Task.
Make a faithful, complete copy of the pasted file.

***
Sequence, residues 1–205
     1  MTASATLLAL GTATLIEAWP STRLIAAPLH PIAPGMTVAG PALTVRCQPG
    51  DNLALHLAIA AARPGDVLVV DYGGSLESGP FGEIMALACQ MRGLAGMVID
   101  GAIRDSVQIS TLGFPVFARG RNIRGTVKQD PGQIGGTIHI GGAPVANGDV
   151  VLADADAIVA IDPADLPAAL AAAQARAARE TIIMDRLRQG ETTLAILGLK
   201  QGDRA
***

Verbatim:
Sequence, residues 1–205
     1  MTASATLLAL GTATLIEAWP STRLIAAPLH PIAPGMTVAG PALTVRCQPG
    51  DNLALHLAIA AARPGDVLVV DYGGSLESGP FGEIMALACQ MRGLAGMVID
   101  GAIRDSVQIS TLGFPVFARG RNIRGTVKQD PGQIGGTIHI GGAPVANGDV
   151  VLADADAIVA IDPADLPAAL AAAQARAARE TIIMDRLRQG ETTLAILGLK
   201  QGDRA